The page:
The memory that probably sticks out the most is when GoPro started to be successful enough to go racing, and I strapped our Digital HERO wrist camera onto the roll bar of a race car. The footage was so good and the camera looked so appropriate on the roll bar that it just hit me like a ton of bricks. I thought immediately, "We've got to make it so you can mount this camera everywhere..." and that was when we transitioned from being simply a wrist camera company, to the world leader in wearable and gear mountable cameras. I guess I can thank that race car for the idea.
How did you raise money to start the company?
Bead and shell belts. No jokes!
After Australia, I flew to Indonesia to surf Bali, the Mentawais, Sumatra and West Java, traveling with Jill who was always pushing us further than I'd have gone alone. Every surfer should be so lucky to have a woman more hardcore than he is! One day Jill comes back to our place in Bali wearing this insanely cool bead and shell belt. Hardcore can be fashionable, too, apparently. Knowing prices in Bali, I asked how much, or how little, she paid for it. After my jaw hit the floor, we paid a visit to the belt maker, ordered 600 more and 2 months later the belts were done and all my boards were broken. We left Bali for California where my '74 VW Westfalia awaited along with a mission to sell as many belts as we could in 2 months, before summer ended. We sold most of them and then I moved back into my parent's place with enough money to launch GoPro.
I thought it'd take two months to roll out our first product; it took two years.
Was there anything similar on the market at the time?
Disposable waterproof cameras were the only option at the time, and you had to be willing to pull the rubber band wrist strap around your neck and paddle around with it like Flava Flav. It was horrible, and 9 times out of 10 you either missed the shot, whacked yourself in the head, ripped your hair out when it got pinched in the rubber band, or you’d lose the camera altogether. I thought I was inventing the most important innovation in surfing while sewing together the first prototype GoPro wrist straps with a sewing machine I’d borrowed from my mom. An inverter rigged to the VW's battery powered the sewer while we camped and sold off those belts. It was a good life!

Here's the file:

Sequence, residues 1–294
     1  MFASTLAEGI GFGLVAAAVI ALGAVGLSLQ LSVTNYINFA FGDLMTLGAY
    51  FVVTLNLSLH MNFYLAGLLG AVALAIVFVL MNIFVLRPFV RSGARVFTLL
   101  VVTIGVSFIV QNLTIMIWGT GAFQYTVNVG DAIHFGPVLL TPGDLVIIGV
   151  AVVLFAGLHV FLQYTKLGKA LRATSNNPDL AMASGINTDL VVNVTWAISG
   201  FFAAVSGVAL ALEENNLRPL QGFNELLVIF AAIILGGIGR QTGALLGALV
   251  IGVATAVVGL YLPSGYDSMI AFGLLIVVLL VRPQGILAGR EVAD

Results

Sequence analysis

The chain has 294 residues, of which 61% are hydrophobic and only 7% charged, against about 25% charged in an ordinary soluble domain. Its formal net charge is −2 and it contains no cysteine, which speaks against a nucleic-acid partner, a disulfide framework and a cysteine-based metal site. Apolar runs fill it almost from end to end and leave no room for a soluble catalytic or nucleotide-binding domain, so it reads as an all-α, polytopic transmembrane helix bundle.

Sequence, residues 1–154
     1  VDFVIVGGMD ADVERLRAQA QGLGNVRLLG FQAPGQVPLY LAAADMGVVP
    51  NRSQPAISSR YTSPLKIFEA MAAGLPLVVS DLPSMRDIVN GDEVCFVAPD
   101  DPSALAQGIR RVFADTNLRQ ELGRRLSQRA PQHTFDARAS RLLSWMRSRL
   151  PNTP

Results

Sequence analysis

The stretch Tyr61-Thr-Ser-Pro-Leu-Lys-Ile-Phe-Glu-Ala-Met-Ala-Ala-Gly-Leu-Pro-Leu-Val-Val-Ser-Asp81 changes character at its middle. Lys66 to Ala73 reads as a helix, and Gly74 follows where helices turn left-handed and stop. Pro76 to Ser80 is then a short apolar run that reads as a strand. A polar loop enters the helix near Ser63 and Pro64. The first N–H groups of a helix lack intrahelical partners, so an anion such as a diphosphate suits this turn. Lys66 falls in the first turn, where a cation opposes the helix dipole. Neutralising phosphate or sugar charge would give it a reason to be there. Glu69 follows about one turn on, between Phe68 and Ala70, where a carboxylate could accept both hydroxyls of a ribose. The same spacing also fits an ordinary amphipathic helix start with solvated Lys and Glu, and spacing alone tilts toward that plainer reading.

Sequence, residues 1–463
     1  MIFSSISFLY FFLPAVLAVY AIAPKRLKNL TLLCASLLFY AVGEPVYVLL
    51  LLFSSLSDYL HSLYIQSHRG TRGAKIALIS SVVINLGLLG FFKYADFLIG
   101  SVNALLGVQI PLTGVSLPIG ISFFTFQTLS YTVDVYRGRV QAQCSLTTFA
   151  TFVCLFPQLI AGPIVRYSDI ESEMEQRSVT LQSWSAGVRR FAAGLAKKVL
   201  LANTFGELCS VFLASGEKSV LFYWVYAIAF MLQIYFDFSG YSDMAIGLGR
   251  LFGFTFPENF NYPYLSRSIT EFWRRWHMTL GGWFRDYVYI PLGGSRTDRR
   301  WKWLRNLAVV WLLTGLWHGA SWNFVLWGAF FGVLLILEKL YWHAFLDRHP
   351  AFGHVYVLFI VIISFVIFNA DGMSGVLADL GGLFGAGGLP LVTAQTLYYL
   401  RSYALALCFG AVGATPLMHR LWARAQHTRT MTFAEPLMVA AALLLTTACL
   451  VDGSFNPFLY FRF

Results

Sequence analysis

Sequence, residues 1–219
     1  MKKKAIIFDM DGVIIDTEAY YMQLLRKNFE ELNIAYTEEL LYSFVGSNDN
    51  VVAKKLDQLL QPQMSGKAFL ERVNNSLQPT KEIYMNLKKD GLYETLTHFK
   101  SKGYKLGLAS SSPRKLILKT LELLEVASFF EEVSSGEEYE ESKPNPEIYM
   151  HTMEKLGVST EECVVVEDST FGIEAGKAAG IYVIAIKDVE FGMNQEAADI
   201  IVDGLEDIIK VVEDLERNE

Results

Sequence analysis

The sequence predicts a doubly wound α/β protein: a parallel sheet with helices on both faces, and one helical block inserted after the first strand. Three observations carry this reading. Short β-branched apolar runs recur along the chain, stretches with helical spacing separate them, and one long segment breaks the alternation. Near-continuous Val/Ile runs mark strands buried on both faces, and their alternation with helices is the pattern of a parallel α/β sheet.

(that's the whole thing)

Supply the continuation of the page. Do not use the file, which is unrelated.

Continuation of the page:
How has the product evolved from the original concept?
We have had a few big technology jumps. The jump from a 35mm film camera to silent, 10 second digital videos was big! Then came the jump to the 3 megapixel camera that sported an SD card slot and sound. Quantum leap! Next came the 170 degree wide angle lens that really put us on the map. It was like having your own IMAX camera. The effect of that wide angle lens was unreal. That combined with the mounting system that allows the camera to be worn and mounted in all the ways GoPro is now famous for. Our most recent big step is of course the launch of our HD HERO camera, broadcast quality HD for everyday use. It still blows me away how good this camera is, and that's what makes working at GoPro so fun. We're all just a bunch of stoked groms, playing with our own products, just as stoked as everyone else. More stoked, maybe!
Do you still have and/or use your first leash-rigged prototypes?
For sure. I definitely hold onto our old prototypes. I call them the "GoPro Heritage Foundation" anytime I want to watch Jill roll her eyes. Works every time.
GoPro’s initial customer base was surf and paddle-surf participants. In what order did new market segments come about?